The Case Study 

Publicly available PFAS groundwater concentration data from four airports in California (Buchanan Airport, Monterey Airport, San Jose [SJ] Airport, and San Luis Obispo [SLO] Airport) were obtained through GeoTracker (downloaded from  https://geotracker.waterboards.ca.gov/ on April 7, 2021). Only data pertaining to the following PFAS were retained for this example:  

  • Perfluorooctanoic acid
  • Perfluorooctane sulfonic acid
  • Perfluoroheptanoic acid
  • Perfluorobutanesulfonic acid
  • Perfluorohexanesulfonic acid
  • Perfluoropentanoic acid
  • Perfluorohexanoic acid

These constituents were detected in all 52 samples collected between November 2019 and November 2020 (Sample size: Buchanan n1= 10, Monterey n2=6, SJ n3=5, and SLO n4=31). 

The PCA (Figures 1 and 2) illustrates the following: 

  • Using the above seven PFAS, 78.26% of the observed variance appears to be associated with 2 Principal Components (PC1 and PC2), and 91.53% with 3 PCs.  

  • SLO Airport and Buchanan Airport have the same overall PFAS signature as the SJ Airport with different ranges in concentration of perfluorobutanesulfonic acid, perfluorohexanesulfonic acid, perfluoropentanoic acid, and perfluorohexanoic acid that would potentially allow differentiation among the three airports. This could be explained by a fundamental common source and transport process, even if at a different rate. 

  • The Monterey Airport PFAS signature can be isolated from the three other airports using relative concentrations in perfluorooctanoic acid and perfluorooctane sulfonic acid; Monterey Airport exhibits relatively higher concentrations in perfluorooctanoic acid, while the other airports tend to have a higher relative concentration in perfluorooctane sulfonic acid. This difference may be the result of a completely different source or remediation activities. 

Using PCA, it is evident that at least two distinct contamination profiles can be established for these four airports using only the seven PFAS listed above. Using data from additional constituents could help isolate the signature of the SLO, Buchanan, and SJ airports. In the same manner, for contaminated sites, the profile of each potential source may be formulated and used in comparison to the site’s data to determine the probable source(s) of contamination. This may help determine remediation responsibility.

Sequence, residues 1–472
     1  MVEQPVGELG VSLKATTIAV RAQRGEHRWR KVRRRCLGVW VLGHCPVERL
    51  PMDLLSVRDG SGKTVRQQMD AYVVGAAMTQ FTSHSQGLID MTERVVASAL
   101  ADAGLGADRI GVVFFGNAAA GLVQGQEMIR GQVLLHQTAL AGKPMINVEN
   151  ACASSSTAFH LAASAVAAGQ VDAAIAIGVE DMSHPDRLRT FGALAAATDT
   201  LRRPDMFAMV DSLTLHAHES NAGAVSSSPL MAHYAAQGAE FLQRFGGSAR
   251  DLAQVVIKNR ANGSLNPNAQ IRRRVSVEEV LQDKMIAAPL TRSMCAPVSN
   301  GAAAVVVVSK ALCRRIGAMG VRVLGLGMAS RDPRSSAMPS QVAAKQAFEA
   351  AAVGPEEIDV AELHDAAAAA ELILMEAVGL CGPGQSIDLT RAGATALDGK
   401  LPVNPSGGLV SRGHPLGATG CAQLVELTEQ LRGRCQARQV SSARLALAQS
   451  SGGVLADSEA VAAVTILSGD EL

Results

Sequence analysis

Figure 1. Results from Principal Component Analysis (PCA) of 7 PFAS found in samples from the Buchanan airport, Monterey airport, San Jose (SJ) airport, and San Luis Obispo (SLO) airport. 

A picture containing graphical user interface Description automatically generated

Figure 2. 3D rendering of the PFAS signature of four airports (Buchanan (red), Monterey (Green), San Jose (Blue), and San Luis Obispo (purple)) in California based on PCA analysis.  

Chart, radar chart Description automatically generated

Contact us 

If you have any questions or want to learn more about PCA (or other forensic methods), source attribution, or PFAS, please contact us. 

Contact Us

 


 

References: 

Vaughn Barry, Andrea Winquist, and Kyle Steenland. 2013. Perfluorooctanoic Acid (PFOA) Exposures and Incident Cancers among Adults Living Near a Chemical Plant. Environ. Health Perspect. 121(11-12): 1313–1318. 

Joseph M. Braun, Aimin Chen, Megan E. Romano, Antonia M. Calafat, Glenys M. Webster, Kimberly Yolton, and Bruce P. Lanphear. 2016. Prenatal Perfluoroalkyl Substance Exposure and Child Adiposity at 8 Years of Age: The HOME Study. Obesity 24: 231–237. 

Philippe Grandjean, Elisabeth Wreford Andersen, Esben Budtz-Jørgensen, Flemming Nielsen, Kåre Mølbak, Pal Weihe, and Carsten Heilmann. 2012. Serum Vaccine Antibody Concentrations in Children Exposed to Perfluorinated Compounds. JAMA 307(4):391-397. 

Xindi C. Hu, David Q. Andrews, Andrew B. Lindstrom, Thomas A. Bruton, Laurel A. Schaider, Philippe Grandjean, Rainer Lohmann, Courtney C. Carignan, Arlene Blum, Simona A. Balan, Christopher P. Higgins○, and Elsie M. Sunderland. 2016. Detection of Poly- and Perfluoroalkyl Substances (PFASs) in U.S. Drinking Water Linked to Industrial Sites, Military Fire Training Areas, and Wastewater Treatment Plants. Environ. Sci. Technol. Lett. 3(10): 344-350.  


Back to All News & Media